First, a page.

Not all continuing education courses can be transferred to college credit, but with the price of tuition on an upward spiral, it can pay to see if yours will. The process is straightforward, although it will require some work on your part. But the payoff can be big if you've taken a lot of continuing education courses. In addition to continuing education courses, many colleges offer college credit for career experience. If you've had training, for example, at your place of employment, it doesn't hurt to inquire if this training can be transferred to college credit. The key is to try.

Obtain the transcripts from your continuing education courses. These can be obtained by contacting the registrar at the institution from which you took your courses. Calling is best because you can ask what the procedure is for obtaining your transcripts. Ask about obtaining both official and unofficial copies. While you will use unofficial copies when you call colleges and ask about transferring the credits, the colleges might require official copies, which are usually sealed in an envelope, sent to them.

Choose the colleges to which you want to transfer your credits. This can be a list of community colleges or 4-year colleges. Find the contact information about each college, including a telephone number for the registrar's office, and write them in a notebookso you have the information handy. If possible, find the name of someone who works in the office. By making a personal contact, you have someone you can call later if you have questions.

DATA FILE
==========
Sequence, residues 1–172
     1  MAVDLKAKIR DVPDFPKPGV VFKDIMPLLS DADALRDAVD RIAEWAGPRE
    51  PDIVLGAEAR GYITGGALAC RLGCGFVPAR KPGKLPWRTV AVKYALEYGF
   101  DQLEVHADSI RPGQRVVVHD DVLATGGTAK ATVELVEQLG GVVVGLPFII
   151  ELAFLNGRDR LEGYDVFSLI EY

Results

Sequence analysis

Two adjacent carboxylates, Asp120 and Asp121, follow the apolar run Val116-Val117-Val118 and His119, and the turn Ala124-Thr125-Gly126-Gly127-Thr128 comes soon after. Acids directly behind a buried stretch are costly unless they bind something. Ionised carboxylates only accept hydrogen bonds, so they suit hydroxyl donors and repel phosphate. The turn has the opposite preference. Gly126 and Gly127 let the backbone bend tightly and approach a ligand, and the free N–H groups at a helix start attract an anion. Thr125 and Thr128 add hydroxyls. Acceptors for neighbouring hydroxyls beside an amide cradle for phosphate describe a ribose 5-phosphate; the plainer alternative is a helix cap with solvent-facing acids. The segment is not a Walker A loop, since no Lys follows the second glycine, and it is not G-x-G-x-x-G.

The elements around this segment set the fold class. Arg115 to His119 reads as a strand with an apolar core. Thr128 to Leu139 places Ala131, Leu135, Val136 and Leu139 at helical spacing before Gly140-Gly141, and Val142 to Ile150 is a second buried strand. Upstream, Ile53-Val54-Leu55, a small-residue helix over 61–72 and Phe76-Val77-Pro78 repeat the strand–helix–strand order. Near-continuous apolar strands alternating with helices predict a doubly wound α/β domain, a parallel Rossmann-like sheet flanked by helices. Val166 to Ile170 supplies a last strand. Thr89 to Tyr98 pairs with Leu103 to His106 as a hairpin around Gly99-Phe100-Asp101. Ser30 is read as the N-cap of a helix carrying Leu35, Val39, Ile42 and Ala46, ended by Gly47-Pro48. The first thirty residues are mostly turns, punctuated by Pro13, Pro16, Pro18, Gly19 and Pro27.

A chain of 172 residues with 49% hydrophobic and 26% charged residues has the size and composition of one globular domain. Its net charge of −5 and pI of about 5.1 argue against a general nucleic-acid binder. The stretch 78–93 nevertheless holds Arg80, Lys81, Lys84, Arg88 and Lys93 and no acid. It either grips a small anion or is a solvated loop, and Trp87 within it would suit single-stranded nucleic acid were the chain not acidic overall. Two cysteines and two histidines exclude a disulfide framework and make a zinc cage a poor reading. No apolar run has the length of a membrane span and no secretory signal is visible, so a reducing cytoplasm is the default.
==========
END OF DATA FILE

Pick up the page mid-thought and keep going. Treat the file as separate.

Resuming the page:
Call the registrar's offices at the colleges and ask about the procedure for transferring credit from continuing education courses. Write down the information in your notebook so you can refer to it later. You might also get addresses from the registrar's office, and you'll definitely want to write these down so you can send copies of your continuing education transcripts. Once you have the procedure, which usually consists of sending official transcripts, thank the person.

Wait for your response. When you get one, hopefully it will be a positive response and you'll have already earned college credits as a result of your transfer.

Use a pleasant voice when speaking to college administrators. They can be having hectic days and could be turned off by callers who have overly demanding voices.

Be persistent. If you don't get the answer you want from a particular college administrator, try another administrator; then try a different college.

Some online colleges might be more lenient in providing transfer credits from continuing education courses.

The first semester of a college career is the most daunting and has the highest dropout rate. Keep your chin up and get through the first semester. It's downhill from there.

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